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MARKER DATABASE
“Bite-Size Bits of Local, National, and Global History”
“Bite-Size Bits of Local, National, and Global History”
Near Stonewall in Gillespie County, Texas — The American South (West South Central)
 

Longhorn Cattle and White-Tail Deer

 
 
Longhorn Cattle and White-Tail Deer Marker image. Click for full size.
By Duane Hall, November 12, 2015
1. Longhorn Cattle and White-Tail Deer Marker
Inscription.

Why do we keep these animals in this enclosure?

A small herd of Longhorns and White-tail deer are kept in this pasture so our visitors can view these prominent icons of Texas.

Longhorn Cattle

“Someone has said that civilization follows the plow. West of the Missouri, the plow followed the cowboy, and the cowboy followed the Longhorn from Texas ...”
J. Frank Dobie


Spanish Retinto (Criollo) cattle started arriving in Texas by the 1520's by explorers and some escaped or were abandoned. When the English settlers started arriving in the 1830's, some of their cattle escaped or were abandoned also. The now wild herds found each other and the Texas Longhorn emerged. This new breed survived by their cross-bred ability to thrive on marginal rangeland.

After the Civil War, a sagging Texas economy and a big demand for beef up north made the Texas Longhorn a valuable resource. Did you know LBJís grandfather and uncle, Samuel and Tom Johnson, had a cattle driving business based not far from here.

The Texas Longhorn is truly a Texas original!

White-Tail Deer

The white-tail deer is a long-legged, fast moving mammal. It stands about three and one-half feet high at the shoulder. Only the males (Bucks) have branched
Deer Antler Growing Calendar image. Click for full size.
By Duane Hall, November 12, 2015
2. Deer Antler Growing Calendar
antlers which are shed, then regrown each year. The common colors are either a light dusty brown or gray with a white belly and tail underside. The young (Fawns) are born in May and June. When the female (Doe) gives birth, she hides her young and only returns to feet it then moves away. This behavior can give the impression that the fawn is an orphan when indeed it is not. Please take a moment and observe the brush in front of you. White-tail deer are known to be shy, but curious. Listen for snorting sounds: Itís the deerís way of trying to get you to move so they can see you better.


To learn more about deer antlers and how they grow, look at the Antler Growing Calendar sign behind you in the wooden shelter.
 
Location. 30° 14.28′ N, 98° 37.45′ W. Marker is near Stonewall, Texas, in Gillespie County. Marker can be reached from Park Road 52 0.2 miles north of U.S. 290. Touch for map. Marker is located on the northwest side of the enclosed viewing pasture (600 feet east of the visitor center) in Lyndon B. Johnson State Park and Historic Site; the above directions are to the main entrance to the visitor center parking lot. Marker is in this post office area: Stonewall TX 78671, United States of America.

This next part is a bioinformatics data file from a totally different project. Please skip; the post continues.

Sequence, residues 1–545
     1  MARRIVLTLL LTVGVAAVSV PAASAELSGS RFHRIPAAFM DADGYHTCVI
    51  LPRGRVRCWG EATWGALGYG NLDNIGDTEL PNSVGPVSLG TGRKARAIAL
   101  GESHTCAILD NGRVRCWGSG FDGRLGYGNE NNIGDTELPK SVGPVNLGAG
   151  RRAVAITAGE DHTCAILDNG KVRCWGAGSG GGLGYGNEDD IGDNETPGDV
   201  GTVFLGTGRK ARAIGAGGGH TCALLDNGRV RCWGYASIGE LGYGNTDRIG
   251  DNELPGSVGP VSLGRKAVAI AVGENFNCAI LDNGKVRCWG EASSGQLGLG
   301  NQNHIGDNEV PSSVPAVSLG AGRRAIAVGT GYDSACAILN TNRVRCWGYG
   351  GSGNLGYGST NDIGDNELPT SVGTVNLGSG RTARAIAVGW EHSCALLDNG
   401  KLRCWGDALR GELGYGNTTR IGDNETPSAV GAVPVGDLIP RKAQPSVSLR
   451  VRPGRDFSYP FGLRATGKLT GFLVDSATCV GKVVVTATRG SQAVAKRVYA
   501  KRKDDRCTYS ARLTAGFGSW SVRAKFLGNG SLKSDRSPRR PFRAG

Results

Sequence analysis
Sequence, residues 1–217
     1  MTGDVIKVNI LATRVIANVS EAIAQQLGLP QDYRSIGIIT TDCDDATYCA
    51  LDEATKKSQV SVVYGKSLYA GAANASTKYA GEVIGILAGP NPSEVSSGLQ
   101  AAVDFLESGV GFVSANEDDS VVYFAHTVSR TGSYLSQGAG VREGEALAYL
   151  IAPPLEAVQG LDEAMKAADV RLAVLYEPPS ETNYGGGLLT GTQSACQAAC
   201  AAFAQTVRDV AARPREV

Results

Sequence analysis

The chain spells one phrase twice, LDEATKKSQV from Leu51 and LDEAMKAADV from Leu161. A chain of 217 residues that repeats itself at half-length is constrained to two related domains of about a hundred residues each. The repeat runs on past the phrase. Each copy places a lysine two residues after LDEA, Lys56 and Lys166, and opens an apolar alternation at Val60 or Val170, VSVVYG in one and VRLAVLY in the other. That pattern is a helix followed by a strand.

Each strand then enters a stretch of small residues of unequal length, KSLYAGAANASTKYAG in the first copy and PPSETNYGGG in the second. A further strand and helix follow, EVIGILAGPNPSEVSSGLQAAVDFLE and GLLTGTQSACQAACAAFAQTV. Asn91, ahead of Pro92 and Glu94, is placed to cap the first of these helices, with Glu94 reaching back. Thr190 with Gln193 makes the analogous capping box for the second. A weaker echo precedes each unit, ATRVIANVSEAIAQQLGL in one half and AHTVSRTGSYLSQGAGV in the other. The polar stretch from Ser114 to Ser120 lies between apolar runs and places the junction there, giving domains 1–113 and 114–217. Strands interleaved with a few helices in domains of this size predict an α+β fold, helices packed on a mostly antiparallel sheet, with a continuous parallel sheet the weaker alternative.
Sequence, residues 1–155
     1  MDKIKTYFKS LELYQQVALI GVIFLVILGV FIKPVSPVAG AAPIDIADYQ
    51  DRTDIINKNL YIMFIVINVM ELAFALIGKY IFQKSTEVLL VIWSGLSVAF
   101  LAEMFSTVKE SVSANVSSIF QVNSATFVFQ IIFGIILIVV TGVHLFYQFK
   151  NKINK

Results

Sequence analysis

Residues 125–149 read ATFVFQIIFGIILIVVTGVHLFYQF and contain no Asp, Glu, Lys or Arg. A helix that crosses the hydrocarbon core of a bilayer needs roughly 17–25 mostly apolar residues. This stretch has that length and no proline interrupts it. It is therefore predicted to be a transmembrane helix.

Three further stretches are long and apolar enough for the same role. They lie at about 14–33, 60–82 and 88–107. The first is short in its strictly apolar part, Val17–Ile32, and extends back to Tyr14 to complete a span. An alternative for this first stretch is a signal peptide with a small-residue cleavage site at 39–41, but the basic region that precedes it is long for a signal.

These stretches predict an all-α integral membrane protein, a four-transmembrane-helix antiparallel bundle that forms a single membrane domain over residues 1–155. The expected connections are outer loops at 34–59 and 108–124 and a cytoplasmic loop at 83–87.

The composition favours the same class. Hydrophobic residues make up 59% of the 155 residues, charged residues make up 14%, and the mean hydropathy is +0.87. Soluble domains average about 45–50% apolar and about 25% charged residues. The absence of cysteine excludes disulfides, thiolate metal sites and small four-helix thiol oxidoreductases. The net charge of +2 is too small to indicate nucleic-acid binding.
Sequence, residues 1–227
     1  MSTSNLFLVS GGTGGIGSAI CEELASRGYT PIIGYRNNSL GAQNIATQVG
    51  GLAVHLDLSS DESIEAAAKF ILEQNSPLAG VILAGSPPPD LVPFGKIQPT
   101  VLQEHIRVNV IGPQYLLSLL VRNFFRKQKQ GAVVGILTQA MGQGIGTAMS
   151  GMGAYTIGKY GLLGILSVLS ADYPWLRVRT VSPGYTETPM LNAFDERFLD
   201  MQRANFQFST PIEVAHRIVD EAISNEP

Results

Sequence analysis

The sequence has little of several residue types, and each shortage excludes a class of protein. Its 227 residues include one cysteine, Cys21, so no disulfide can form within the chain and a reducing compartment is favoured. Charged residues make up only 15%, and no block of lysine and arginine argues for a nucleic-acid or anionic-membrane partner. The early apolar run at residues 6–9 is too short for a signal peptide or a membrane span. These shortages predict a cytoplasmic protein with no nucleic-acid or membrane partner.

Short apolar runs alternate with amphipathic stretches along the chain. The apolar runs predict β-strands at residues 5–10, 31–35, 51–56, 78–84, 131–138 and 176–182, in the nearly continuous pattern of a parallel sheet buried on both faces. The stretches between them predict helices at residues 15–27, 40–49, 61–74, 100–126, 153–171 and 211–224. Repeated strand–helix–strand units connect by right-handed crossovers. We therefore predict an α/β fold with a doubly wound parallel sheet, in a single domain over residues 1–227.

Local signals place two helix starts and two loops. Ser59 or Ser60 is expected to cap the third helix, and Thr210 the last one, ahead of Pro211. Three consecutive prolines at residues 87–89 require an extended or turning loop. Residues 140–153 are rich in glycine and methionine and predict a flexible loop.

Other nearby markers. At least 8 other markers are within walking distance of this marker. Farm History (about 500 feet away, measured
Longhorn Cattle and White-Tail Deer Marker Exhibit image. Click for full size.
By Duane Hall, November 12, 2015
3. Longhorn Cattle and White-Tail Deer Marker Exhibit
in a direct line); Sauer-Beckmann Living History Farm (about 500 feet away); Within These Walls / Small Spaces, Many Faces (about 500 feet away); What is the President pointing to anyway? (about 500 feet away); A Grand Entrance (about 600 feet away); The Texas White House (approx. 0.2 miles away); Friendship Stones (approx. 0.2 miles away); Low Water Crossing (approx. 0.2 miles away). Touch for a list and map of all markers in Stonewall.
 
Also see . . .
1. Lyndon B. Johnson State Park & Historic Site - Official Website. (Submitted on November 27, 2015.)
2. Longhorn Cattle. From the Texas State Historical Associationís “Handbook of Texas Online”. (Submitted on November 27, 2015.) 
 
Categories. AgricultureAnimals
 
Viewing Pasture next to Marker image. Click for full size.
By Duane Hall, November 12, 2015
4. Viewing Pasture next to Marker
A Texas Longhorn in the Viewing Pasture image. Click for full size.
By Duane Hall, November 12, 2015
5. A Texas Longhorn in the Viewing Pasture
The "Dash J Dash" Brand image. Click for full size.
By Duane Hall, November 12, 2015
6. The "Dash J Dash" Brand
Close-up of graphic on marker
Marker Exhibit as viewed from Nature Trail image. Click for full size.
By Duane Hall, November 12, 2015
7. Marker Exhibit as viewed from Nature Trail
 
 
Credits. This page was last revised on June 16, 2016. This page originally submitted on November 27, 2015, by Duane Hall of Abilene, Texas. This page has been viewed 212 times since then and 53 times this year. Photos:   1, 2, 3, 4, 5, 6, 7. submitted on November 27, 2015, by Duane Hall of Abilene, Texas.
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